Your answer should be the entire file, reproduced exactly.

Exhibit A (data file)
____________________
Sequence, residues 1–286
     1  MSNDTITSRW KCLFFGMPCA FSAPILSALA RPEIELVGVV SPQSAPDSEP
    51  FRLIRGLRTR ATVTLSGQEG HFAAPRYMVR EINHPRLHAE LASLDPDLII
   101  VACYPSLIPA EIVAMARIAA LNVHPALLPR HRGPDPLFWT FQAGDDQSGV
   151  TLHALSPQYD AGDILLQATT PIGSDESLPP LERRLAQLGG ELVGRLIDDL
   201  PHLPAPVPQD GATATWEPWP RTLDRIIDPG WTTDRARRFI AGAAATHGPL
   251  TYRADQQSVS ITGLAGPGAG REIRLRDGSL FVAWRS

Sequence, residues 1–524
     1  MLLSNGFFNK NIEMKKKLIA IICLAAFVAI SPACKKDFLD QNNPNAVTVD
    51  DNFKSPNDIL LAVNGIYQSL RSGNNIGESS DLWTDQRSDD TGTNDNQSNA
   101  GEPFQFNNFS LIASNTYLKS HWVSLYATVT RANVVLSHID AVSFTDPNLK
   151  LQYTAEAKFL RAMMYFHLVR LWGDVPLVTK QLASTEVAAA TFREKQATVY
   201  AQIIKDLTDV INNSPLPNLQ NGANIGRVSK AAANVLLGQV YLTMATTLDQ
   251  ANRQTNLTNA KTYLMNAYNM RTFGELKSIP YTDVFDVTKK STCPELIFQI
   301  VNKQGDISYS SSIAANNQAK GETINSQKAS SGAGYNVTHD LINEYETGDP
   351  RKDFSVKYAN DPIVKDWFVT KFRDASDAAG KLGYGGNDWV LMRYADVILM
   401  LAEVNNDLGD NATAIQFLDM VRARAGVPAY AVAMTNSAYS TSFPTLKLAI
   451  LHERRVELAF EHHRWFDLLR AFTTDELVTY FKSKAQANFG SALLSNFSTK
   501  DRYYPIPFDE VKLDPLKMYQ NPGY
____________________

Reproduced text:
Sequence, residues 1–286
     1  MSNDTITSRW KCLFFGMPCA FSAPILSALA RPEIELVGVV SPQSAPDSEP
    51  FRLIRGLRTR ATVTLSGQEG HFAAPRYMVR EINHPRLHAE LASLDPDLII
   101  VACYPSLIPA EIVAMARIAA LNVHPALLPR HRGPDPLFWT FQAGDDQSGV
   151  TLHALSPQYD AGDILLQATT PIGSDESLPP LERRLAQLGG ELVGRLIDDL
   201  PHLPAPVPQD GATATWEPWP RTLDRIIDPG WTTDRARRFI AGAAATHGPL
   251  TYRADQQSVS ITGLAGPGAG REIRLRDGSL FVAWRS

Sequence, residues 1–524
     1  MLLSNGFFNK NIEMKKKLIA IICLAAFVAI SPACKKDFLD QNNPNAVTVD
    51  DNFKSPNDIL LAVNGIYQSL RSGNNIGESS DLWTDQRSDD TGTNDNQSNA
   101  GEPFQFNNFS LIASNTYLKS HWVSLYATVT RANVVLSHID AVSFTDPNLK
   151  LQYTAEAKFL RAMMYFHLVR LWGDVPLVTK QLASTEVAAA TFREKQATVY
   201  AQIIKDLTDV INNSPLPNLQ NGANIGRVSK AAANVLLGQV YLTMATTLDQ
   251  ANRQTNLTNA KTYLMNAYNM RTFGELKSIP YTDVFDVTKK STCPELIFQI
   301  VNKQGDISYS SSIAANNQAK GETINSQKAS SGAGYNVTHD LINEYETGDP
   351  RKDFSVKYAN DPIVKDWFVT KFRDASDAAG KLGYGGNDWV LMRYADVILM
   401  LAEVNNDLGD NATAIQFLDM VRARAGVPAY AVAMTNSAYS TSFPTLKLAI
   451  LHERRVELAF EHHRWFDLLR AFTTDELVTY FKSKAQANFG SALLSNFSTK
   501  DRYYPIPFDE VKLDPLKMYQ NPGY